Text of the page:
When introducing advertisements into the Prime Video service, Amazon unexpectedly removed Dolby Vision visuals and Dolby Atmos audio from its streaming quality.
Users now have to pay an additional fee for the best quality experience.
Streaming entertainment has taken over our televisions, but the heady days of affordable high-quality content seem to be in the rear-view mirror.
In the past year we've seen prices ratcheted up and the introduction of cheaper tiers, a confusing dichotomy where the biggest and best streaming services appear to be giving with one hand and taking away with the other.
That certainly seems to be the case with Amazon's Prime Video service. In September 2023 Amazon confirmed that it would be adding adverts into its Prime Video service. Not that it was adding a cheaper ad-supported tier (which is what Netflix did), but that it was adding advertising to the service that you're already paying for.
Amazon is in a slightly different position to other streaming services, because for many, Prime Video has been seen as a free perk of having a Prime subscription. That you could stream original content, in glorious Dolby Vision with Dolby Atmos audio, essentially for nothing, was a real bonus. Amazon even introduced an ad-supported service called Freevee to run alongside it.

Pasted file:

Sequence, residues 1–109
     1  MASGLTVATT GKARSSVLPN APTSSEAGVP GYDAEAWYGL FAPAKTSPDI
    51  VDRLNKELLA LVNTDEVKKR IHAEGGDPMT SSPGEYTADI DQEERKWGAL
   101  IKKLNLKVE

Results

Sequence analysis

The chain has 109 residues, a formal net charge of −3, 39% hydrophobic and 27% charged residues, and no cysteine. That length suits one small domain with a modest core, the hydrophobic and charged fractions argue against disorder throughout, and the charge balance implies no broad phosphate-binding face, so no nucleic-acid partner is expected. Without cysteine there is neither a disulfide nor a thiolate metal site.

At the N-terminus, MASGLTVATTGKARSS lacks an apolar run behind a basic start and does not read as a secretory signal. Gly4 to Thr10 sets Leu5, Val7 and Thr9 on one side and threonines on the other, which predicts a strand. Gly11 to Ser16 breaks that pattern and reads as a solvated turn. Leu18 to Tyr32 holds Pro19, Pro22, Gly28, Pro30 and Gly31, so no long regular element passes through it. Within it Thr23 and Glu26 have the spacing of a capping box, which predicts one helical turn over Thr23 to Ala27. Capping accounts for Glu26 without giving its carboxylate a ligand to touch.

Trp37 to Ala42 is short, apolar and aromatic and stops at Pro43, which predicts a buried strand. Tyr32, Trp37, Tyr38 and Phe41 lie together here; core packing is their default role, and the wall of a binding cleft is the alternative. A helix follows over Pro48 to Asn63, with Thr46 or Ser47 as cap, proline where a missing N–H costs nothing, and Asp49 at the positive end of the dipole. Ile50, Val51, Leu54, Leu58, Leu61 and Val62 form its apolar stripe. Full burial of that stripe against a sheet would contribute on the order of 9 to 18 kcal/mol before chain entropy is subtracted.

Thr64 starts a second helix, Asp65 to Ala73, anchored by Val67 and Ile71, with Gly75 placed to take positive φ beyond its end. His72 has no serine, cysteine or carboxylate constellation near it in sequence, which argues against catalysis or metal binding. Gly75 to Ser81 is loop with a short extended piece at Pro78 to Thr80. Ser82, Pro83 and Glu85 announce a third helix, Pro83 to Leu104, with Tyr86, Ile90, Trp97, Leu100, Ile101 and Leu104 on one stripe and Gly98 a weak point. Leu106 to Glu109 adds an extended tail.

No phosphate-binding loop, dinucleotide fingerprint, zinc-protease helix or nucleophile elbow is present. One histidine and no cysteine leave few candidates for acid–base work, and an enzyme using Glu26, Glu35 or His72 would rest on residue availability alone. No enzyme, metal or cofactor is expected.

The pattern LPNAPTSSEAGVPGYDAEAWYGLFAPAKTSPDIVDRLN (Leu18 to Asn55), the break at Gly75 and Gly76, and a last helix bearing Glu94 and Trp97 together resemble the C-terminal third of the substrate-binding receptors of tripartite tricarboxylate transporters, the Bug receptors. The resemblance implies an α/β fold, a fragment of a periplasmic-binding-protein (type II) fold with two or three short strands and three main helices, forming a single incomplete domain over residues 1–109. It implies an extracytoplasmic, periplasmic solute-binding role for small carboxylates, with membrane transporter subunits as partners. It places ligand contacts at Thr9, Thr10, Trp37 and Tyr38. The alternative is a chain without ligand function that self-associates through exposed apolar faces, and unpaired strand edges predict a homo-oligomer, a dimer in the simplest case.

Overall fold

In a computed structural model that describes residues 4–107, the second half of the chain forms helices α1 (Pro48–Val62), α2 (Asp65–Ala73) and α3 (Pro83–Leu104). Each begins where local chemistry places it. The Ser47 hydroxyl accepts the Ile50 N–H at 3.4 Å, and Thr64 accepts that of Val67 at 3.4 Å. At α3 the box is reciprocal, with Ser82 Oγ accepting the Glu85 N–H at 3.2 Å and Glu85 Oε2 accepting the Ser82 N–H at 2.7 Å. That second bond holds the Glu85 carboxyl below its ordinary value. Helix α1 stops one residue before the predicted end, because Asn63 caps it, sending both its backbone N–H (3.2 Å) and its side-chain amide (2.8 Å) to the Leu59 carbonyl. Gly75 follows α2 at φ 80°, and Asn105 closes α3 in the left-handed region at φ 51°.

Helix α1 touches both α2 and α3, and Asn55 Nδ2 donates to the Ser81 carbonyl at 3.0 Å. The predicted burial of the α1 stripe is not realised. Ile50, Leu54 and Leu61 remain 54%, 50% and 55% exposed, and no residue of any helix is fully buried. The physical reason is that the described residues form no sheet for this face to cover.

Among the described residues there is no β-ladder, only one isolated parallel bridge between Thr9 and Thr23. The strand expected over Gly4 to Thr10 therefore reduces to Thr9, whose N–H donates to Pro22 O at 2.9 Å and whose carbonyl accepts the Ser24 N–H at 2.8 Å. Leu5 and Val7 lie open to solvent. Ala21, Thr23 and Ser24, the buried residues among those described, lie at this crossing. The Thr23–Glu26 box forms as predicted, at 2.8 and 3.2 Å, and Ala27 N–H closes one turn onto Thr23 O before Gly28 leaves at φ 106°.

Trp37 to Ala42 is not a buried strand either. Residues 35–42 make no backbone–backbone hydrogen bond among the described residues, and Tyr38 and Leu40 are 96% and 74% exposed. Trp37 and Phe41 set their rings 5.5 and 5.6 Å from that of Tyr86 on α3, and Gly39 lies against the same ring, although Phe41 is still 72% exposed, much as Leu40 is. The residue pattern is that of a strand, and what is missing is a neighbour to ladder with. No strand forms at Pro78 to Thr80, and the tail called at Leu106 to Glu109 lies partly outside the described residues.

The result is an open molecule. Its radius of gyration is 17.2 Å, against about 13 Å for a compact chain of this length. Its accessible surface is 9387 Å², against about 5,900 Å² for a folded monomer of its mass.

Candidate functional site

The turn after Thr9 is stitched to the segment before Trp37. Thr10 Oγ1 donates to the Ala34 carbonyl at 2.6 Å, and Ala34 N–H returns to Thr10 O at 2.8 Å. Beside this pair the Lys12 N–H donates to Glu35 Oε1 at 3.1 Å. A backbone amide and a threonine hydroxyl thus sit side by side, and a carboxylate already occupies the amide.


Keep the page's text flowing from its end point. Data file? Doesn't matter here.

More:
Prime Video loses Dolby Vision and Dolby Atmos
The change that no one saw coming - and wasn't mentioned in Amazon's original announcement - is that there's also been a change to the streaming quality that you'll get. Amazon has flipped the switch, so you lose out on Dolby Vision visuals and immersive Dolby Atmos audio. That is, unless you pay the additional £/$2.99 monthly fee.
For home cinema fans, or those with the best televisions, this is a huge blow, because the great streaming service that seemed free, will now cost you an extra £/$35.88 a year if you want to get the best quality out of it. That's on top of the Prime subscription that you already pay.
If you paid for Prime Video as a standalone service (without the other Prime benefits) then your £5.99 / $9 monthly subscription cost remains unchanged, but you still have to pay extra to remove the adverts and get top quality back.
Amazon's justification for the introduction of adverts was to support the commissioning of new content. It perhaps reflects the state of the streaming industry in 2024 when there are more services and increased competition for new programming. While the streaming boom has opened up access to more content than ever, we all now face difficult choices when deciding exactly where to spend our subscription money.